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Reading this answer on stackoverflow, I understand that certificates help identify that a public key and encrypted data are indeed sent by the one we're talking to.

However, the data I send back to the machine I'm talking to is encrypted with my private key. But I don't have a CA-signed certificate. Is a hacker then able to intercept my connection, and replace the data I'm sending with his own encrypted data and include his own public key?

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    Servers can be configured to check the cert of the client, although I can't say how many are configured to do so. The handshake part of the connection starts custom crypto--so it verifies the server and then starts a custom set of crypto. For a hacker to "intercept" they would have to break that crypto--which is very, very unlikely. SHA1 takes thousands of dollars of cloud compute and a few days. So you'd have to have a long connection and someone very motivated. They could just try and "impersonate" you with a new connection... but we use username/pass to avoid this on most sites.
    – bashCypher
    Commented Aug 20, 2018 at 16:40
  • since most are probably not (and I don't have a cert), doesn't that undermine the whole concept of HTTPS?
    – bluppfisk
    Commented Aug 20, 2018 at 16:44
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    You don't have a cert? Unlikely. Check here: comodo.com/support/products/authentication_certs/setup/… And no, if you can verify who you are talking to-- and it's a system waiting around to talk to you, why does that break anything? Again client validation is handled with user/pass or other 2 factor. Verifying server means we aren't giving creds to bad guys.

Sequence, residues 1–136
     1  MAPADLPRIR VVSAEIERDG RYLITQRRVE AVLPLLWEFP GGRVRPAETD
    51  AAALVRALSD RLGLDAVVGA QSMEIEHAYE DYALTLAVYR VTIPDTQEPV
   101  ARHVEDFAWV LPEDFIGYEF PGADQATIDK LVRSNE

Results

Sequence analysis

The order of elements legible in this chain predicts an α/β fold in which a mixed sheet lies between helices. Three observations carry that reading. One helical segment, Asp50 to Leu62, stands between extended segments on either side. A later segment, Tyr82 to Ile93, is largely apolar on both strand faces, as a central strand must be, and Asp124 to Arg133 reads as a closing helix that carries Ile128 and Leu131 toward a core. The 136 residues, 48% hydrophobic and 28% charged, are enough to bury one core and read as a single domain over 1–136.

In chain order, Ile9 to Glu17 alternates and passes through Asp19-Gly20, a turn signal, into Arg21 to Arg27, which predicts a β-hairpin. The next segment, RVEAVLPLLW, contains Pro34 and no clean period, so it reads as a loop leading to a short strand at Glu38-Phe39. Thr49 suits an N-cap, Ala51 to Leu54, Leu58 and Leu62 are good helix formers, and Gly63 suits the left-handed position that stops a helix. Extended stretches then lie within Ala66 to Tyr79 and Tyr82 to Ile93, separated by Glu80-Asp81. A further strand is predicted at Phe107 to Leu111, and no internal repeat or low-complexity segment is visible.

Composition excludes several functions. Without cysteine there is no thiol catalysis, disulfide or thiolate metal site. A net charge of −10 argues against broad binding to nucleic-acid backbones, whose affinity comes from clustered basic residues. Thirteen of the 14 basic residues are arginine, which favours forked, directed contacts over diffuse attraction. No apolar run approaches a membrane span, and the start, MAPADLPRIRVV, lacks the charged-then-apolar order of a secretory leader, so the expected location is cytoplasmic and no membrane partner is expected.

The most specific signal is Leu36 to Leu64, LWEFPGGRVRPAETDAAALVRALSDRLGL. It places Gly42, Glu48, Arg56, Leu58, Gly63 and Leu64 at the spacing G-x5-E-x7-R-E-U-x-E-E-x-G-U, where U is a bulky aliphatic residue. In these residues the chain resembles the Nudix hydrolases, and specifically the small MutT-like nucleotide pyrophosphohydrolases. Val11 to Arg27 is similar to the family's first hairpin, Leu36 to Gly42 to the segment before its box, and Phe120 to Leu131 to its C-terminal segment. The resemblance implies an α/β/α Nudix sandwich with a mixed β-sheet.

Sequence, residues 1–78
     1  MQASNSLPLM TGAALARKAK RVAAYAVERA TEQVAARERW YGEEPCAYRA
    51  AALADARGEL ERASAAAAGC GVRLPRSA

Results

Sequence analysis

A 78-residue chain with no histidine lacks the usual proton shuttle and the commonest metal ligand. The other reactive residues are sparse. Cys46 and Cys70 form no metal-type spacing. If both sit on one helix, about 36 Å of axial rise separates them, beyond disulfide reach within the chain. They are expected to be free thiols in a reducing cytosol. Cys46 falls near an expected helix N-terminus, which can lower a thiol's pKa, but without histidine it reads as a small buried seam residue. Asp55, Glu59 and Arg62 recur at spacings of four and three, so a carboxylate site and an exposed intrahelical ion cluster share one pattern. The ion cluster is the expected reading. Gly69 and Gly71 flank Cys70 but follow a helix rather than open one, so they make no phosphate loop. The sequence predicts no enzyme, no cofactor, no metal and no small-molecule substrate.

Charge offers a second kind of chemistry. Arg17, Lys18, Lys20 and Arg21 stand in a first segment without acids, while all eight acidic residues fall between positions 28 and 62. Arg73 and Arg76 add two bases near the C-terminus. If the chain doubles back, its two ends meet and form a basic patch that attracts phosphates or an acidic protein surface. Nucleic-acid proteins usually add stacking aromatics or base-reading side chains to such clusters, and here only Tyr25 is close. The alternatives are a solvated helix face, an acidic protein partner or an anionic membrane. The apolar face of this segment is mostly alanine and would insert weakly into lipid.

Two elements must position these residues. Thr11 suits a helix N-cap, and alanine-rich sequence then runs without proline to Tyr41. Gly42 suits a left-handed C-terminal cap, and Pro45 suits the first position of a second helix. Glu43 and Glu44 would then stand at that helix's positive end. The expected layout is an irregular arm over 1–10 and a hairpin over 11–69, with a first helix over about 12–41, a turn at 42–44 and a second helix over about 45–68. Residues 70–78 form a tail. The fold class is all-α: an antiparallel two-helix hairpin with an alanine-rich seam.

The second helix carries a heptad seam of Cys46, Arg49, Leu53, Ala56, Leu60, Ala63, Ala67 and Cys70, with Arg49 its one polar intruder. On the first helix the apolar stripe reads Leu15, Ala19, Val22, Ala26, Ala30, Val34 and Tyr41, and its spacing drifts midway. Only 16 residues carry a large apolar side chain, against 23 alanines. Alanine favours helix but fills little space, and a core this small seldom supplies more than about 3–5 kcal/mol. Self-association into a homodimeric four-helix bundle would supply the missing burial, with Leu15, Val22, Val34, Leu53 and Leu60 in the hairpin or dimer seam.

– bashCypher
    Commented Aug 20, 2018 at 16:46
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    ok your edit and irfan's answer below clarify. It's not public key cryptography anymore once the session has been established!
    – bluppfisk
    Commented Aug 20, 2018 at 16:54

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The data you send back is not encrypted with your private key. You randomly generate a session key (used for symmetric encryption), which you send to the server, encrypted with the server's public key.

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    "...encrypted with the server's public key..." - this is only true for RSA key exchange which is considered obsolete. With Diffie-Hellmann key exchange instead the key for symmetric encryption is computed at client and server based on information from client and server and the servers public and private key are only used to make sure that one is talking with the expected server, but not for key transfer. Anyway, you are right that in no case the data are encrypted with a private key of the client. Commented Aug 20, 2018 at 17:33

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